Dennis Rodman thinks ’10-20% of pro-athletes are gay’

Retired basketball player Dennis Rodman suspects 10-20 percent of professional athletes could be gay, even though none have come out while competing in any major American sporting league.

Rodman enjoyed a 20-year career playing for the Detroit Pistons, San Antonio Spurs, Chicago Bulls, Los Angeles Lakers and the Dallas Mavericks.

During this time he became famous for his flamboyant and often gender non-conforming style. He has spoken openly about partying in gay clubs, dressing in drag and having sexual fantasies about men, although he denied being gay himself.

Dennis Rodman’s unique style made him one of the world’s most recognisable athletes (Jean Baptiste Lacroix/WireImage/Getty)

In a recent interview with Business Insider he said he “wouldn’t be surprised” if as many as 20 percent of players in all pro sports were gay.

“I wouldn’t be surprised, literally, I’ve said it all along, if 10 percent or 20 percent of people in the NBA, or any sports, [are] gay,” he said.

“It wouldn’t shock me at all. I think today, it wouldn’t shock anyone. I think that’d be more acceptable now than anything.”

There are no openly LGBT+ athletes currently competing in the NBA, the NFL, the NHS or the MLB, but Rodman believes the time has come for this to change.

“I don’t know why people haven’t came out before,” he said. “It’s cool that people are coming out being, you know, gay or homosexual or whatever, lesbian and stuff like that.”

Dennis Rodman referred to the 27-year-old NFL veteran Ryan Russell, who recently came out as bisexual.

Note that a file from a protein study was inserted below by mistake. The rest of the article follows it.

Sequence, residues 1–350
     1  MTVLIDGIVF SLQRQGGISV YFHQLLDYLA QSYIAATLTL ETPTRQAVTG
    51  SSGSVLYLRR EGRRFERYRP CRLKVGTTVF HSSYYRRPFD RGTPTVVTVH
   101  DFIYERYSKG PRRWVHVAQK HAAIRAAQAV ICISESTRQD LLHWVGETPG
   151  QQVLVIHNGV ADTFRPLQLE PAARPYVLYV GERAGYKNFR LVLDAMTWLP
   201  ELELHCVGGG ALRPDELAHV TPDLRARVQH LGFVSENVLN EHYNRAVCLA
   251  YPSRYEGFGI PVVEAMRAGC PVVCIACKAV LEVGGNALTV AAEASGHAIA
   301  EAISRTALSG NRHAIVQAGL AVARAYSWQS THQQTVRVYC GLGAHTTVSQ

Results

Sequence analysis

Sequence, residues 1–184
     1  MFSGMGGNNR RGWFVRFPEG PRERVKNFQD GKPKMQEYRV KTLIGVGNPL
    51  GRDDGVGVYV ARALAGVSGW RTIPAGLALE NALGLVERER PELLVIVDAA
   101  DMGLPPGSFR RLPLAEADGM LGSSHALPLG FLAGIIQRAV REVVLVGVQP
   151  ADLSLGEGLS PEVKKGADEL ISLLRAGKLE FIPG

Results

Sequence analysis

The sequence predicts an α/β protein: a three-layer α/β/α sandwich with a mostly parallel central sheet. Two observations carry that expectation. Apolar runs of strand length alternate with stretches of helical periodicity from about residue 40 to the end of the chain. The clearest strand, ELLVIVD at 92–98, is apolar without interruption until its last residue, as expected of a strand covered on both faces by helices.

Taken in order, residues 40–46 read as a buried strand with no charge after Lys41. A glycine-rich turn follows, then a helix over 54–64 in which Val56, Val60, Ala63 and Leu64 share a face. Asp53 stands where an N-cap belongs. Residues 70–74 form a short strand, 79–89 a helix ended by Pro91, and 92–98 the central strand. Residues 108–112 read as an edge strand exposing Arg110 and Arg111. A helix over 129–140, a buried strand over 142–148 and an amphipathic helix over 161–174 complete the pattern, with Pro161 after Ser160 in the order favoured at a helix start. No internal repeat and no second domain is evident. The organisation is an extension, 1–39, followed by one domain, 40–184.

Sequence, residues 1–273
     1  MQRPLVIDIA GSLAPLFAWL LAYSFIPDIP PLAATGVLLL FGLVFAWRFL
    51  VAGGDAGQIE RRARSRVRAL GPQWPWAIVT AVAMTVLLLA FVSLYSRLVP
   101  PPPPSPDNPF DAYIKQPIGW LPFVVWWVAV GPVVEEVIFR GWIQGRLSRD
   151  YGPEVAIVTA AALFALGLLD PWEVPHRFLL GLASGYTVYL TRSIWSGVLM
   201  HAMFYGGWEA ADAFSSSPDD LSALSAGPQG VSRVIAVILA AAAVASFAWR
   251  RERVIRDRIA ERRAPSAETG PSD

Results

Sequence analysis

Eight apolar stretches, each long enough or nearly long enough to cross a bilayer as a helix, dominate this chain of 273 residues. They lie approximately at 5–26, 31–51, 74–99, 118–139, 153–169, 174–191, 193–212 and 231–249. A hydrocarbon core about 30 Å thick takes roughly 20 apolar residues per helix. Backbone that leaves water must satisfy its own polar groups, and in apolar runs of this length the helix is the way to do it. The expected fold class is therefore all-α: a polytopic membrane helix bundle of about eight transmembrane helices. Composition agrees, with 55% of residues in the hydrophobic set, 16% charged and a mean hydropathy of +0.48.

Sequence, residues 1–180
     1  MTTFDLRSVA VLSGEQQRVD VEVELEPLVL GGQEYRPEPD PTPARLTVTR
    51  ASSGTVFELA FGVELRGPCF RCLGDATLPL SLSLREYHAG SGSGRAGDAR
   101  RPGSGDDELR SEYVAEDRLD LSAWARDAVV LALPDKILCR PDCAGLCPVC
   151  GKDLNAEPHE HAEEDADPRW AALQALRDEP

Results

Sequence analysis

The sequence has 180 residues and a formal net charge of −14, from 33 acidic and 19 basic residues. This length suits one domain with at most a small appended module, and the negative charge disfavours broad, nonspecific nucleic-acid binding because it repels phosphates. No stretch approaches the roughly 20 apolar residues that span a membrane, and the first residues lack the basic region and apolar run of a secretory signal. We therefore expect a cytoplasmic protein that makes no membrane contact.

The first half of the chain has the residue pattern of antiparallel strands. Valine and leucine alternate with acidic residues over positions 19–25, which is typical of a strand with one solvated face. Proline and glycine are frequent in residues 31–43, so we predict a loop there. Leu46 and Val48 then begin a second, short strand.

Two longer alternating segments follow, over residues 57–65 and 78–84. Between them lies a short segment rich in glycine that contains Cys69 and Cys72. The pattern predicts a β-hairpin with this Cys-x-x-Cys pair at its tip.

NFL veteran Ryan Russell (right) with his boyfriend, the professional dancer Corey O’Brien (Instagram/@corey_obrien)

“It don’t matter if [you’re in] sports or entertainer or actor or whatever in the world… Who cares? OK. Who cares? You know, as long as he play and perform, does it matter?” Rodman said.

Russell previously played for the Dallas Cowboys and the Tampa Bay Buccaneers. He is looking to be signed to a new team but is currently still a free agent.

He chose to come out in a moving ESPN article he penned himself, after a gossip blogger threatened to out him but promised to keep it a secret “as a favour”.

“Let that sink into your brain,” Russell said. “Even though openly LGBTQ people are thriving in every area of public life — politics, entertainment, the top corporations in America — they are so invisible in pro sports that a gossip blogger is doing a favour for a bisexual football player by not disclosing that he happens to date men.”

“Nobody should need a favour to live honestly,” he added.